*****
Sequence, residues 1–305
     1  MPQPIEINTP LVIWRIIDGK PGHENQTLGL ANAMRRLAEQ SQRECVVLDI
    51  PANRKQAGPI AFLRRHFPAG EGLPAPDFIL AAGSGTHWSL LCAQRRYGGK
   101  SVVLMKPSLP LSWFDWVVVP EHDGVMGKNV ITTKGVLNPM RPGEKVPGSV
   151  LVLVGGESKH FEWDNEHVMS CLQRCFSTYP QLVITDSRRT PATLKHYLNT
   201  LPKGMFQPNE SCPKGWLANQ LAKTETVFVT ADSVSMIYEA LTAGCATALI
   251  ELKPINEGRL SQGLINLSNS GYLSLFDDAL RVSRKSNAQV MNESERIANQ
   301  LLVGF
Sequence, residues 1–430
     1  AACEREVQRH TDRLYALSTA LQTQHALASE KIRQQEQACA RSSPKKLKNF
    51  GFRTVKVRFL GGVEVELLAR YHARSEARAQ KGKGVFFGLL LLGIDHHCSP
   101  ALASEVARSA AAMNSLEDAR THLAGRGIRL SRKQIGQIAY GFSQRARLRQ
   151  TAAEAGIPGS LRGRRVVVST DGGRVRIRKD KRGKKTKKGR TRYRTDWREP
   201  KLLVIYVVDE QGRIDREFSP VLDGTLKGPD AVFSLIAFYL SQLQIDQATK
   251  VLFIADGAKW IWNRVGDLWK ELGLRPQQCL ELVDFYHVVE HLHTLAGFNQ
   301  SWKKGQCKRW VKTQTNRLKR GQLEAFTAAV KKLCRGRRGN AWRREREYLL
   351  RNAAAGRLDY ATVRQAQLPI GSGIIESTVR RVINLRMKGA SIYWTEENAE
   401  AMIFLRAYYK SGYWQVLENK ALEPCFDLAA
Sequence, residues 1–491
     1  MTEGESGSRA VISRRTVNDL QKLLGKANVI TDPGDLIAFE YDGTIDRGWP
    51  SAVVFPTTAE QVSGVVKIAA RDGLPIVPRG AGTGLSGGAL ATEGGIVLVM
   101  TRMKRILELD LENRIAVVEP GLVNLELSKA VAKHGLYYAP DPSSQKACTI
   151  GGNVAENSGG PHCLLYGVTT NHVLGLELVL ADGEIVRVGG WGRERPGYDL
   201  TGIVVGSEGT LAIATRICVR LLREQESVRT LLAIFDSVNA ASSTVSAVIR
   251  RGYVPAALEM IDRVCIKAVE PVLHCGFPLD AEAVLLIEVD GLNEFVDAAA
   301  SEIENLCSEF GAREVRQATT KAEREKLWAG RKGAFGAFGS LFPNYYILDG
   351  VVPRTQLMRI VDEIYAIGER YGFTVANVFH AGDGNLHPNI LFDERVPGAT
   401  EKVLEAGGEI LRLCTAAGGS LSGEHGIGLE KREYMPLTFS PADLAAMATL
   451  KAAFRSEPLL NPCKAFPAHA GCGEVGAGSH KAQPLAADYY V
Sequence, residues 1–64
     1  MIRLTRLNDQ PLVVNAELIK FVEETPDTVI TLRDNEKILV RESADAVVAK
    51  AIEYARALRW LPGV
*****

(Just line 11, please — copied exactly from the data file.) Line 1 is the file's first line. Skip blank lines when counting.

    51  GFRTVKVRFL GGVEVELLAR YHARSEARAQ KGKGVFFGLL LLGIDHHCSP